Variations: Try adding a pinch of your favorite spice. We tried adding a little extra punch by lining the outside with red hots. Very fun. You can also leave out the cocoa and sugar all together and replace it with 8 servings of your favorite packaged hot cocoa. And if you have any strokes of genius for flavors, we’re collecting flavor ideas at my hot chocolate shop, The Ticket Kitchen.

As you can see, we played around with a few different molds, like this water bottle ice cube mold from IKEA. The classic ice cube mold was my favorite though. It works best for submersing the entire block of meltable chocolate in a standard mug.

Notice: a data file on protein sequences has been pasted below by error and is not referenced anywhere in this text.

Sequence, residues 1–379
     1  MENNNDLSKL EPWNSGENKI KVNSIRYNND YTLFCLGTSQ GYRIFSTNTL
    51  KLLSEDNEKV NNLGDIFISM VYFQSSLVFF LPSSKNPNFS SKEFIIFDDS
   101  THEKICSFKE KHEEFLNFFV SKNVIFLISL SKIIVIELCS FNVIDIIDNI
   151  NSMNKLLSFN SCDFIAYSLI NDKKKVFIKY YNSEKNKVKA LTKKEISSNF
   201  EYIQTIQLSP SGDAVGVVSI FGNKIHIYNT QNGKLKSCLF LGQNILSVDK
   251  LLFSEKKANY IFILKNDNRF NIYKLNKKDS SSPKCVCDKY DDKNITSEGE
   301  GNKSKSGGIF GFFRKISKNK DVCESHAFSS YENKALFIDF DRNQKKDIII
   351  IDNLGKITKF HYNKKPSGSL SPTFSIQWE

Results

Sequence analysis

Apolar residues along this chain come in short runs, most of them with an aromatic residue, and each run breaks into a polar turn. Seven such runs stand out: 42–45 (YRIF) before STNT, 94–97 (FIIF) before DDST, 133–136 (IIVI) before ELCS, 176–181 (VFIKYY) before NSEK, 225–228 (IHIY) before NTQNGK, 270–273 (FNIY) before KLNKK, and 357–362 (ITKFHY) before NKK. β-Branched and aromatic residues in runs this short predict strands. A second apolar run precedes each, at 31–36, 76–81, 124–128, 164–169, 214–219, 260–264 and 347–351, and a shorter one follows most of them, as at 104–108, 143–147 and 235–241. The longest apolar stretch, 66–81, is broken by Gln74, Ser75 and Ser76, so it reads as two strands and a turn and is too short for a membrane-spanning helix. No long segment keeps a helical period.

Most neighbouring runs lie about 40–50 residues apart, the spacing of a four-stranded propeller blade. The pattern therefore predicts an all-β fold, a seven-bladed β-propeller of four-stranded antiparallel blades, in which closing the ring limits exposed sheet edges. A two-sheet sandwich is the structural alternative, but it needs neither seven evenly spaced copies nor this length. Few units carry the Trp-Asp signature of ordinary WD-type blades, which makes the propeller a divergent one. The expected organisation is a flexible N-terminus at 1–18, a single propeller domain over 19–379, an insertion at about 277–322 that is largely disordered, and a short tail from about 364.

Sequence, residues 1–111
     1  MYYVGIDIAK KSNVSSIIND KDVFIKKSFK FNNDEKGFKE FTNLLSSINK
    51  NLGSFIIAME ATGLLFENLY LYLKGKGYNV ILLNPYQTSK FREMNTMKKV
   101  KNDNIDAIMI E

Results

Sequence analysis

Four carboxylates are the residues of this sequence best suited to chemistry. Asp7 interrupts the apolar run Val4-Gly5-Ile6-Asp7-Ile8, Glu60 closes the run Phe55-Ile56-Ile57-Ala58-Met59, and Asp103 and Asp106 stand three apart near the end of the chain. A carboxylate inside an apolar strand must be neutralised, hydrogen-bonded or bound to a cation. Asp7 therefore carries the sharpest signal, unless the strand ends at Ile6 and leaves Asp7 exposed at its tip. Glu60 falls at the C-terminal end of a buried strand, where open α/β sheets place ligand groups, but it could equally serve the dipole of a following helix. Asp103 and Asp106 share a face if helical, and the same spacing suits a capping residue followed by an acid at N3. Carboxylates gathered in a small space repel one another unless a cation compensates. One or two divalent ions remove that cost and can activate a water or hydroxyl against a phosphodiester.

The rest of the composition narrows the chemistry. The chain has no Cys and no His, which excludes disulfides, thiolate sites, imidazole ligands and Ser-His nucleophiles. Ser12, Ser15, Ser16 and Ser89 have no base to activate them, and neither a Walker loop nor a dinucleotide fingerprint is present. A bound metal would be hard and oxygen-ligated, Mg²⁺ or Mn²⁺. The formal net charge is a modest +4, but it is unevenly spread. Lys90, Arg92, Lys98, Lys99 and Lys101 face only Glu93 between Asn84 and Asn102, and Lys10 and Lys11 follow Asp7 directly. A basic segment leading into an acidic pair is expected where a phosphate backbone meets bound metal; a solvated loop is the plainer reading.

UPDATE: Love Prince Pi’s suggestion of molding these in shot glasses. Also love how the Kitchn (yea!! they tried my recipe!!) made do with a single pan. TinaMarie also made the great suggestion of using small Dixie cups. And finally, check out this beautiful version Sprinkebakes made using a chocolate transfer sheet and birch spoons. You will love it.
hot chocolate on a stick 2

This was fun, but a mess to open (chocolate in egg shells).

Happy melting! And if you have a moment to peruse my shop or become a fan on facebook, I’d love to have you!


If you’re new here, welcome! I’m AmberLee, and Giverslog is my place to share recipes, gift ideas, pretty wrapping ideas, and whatever else is on my mind. I also own an online chocolate shop, The Ticket Kitchen. Stop by if you get a moment!
amazing homemade caramel candy

Once you go homemade, you never go back.